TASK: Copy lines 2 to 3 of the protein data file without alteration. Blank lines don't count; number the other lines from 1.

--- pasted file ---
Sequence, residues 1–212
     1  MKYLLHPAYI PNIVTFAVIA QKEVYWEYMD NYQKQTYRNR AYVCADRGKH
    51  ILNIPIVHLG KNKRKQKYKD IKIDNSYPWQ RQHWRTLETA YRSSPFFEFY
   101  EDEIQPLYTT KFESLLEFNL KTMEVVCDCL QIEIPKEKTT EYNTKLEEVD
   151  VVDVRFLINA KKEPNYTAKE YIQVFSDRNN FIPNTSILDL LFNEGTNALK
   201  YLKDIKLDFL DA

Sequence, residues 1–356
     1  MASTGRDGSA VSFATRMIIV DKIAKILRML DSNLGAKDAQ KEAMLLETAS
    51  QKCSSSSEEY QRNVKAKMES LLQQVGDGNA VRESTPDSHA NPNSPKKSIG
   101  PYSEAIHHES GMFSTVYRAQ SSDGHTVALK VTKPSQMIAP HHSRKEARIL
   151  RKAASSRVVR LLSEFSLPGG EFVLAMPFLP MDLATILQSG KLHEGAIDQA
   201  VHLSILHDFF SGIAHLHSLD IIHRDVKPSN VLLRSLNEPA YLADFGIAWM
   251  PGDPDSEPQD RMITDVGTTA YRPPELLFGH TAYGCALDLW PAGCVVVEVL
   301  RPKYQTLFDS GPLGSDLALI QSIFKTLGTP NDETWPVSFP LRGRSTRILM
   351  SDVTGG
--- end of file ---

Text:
     1  MKYLLHPAYI PNIVTFAVIA QKEVYWEYMD NYQKQTYRNR AYVCADRGKH
    51  ILNIPIVHLG KNKRKQKYKD IKIDNSYPWQ RQHWRTLETA YRSSPFFEFY